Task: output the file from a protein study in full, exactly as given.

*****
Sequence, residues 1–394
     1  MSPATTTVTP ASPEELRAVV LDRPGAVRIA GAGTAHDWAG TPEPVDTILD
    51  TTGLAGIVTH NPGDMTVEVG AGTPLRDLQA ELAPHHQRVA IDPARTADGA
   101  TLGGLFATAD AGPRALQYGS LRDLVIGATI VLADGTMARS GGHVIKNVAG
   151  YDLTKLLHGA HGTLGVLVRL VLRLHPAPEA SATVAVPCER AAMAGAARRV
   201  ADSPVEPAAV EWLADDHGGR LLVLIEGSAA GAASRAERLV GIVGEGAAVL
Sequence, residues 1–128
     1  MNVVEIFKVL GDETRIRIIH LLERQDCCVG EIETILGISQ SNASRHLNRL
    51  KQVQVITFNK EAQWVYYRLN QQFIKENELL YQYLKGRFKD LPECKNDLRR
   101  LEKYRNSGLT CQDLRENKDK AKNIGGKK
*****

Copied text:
Sequence, residues 1–394
     1  MSPATTTVTP ASPEELRAVV LDRPGAVRIA GAGTAHDWAG TPEPVDTILD
    51  TTGLAGIVTH NPGDMTVEVG AGTPLRDLQA ELAPHHQRVA IDPARTADGA
   101  TLGGLFATAD AGPRALQYGS LRDLVIGATI VLADGTMARS GGHVIKNVAG
   151  YDLTKLLHGA HGTLGVLVRL VLRLHPAPEA SATVAVPCER AAMAGAARRV
   201  ADSPVEPAAV EWLADDHGGR LLVLIEGSAA GAASRAERLV GIVGEGAAVL
Sequence, residues 1–128
     1  MNVVEIFKVL GDETRIRIIH LLERQDCCVG EIETILGISQ SNASRHLNRL
    51  KQVQVITFNK EAQWVYYRLN QQFIKENELL YQYLKGRFKD LPECKNDLRR
   101  LEKYRNSGLT CQDLRENKDK AKNIGGKK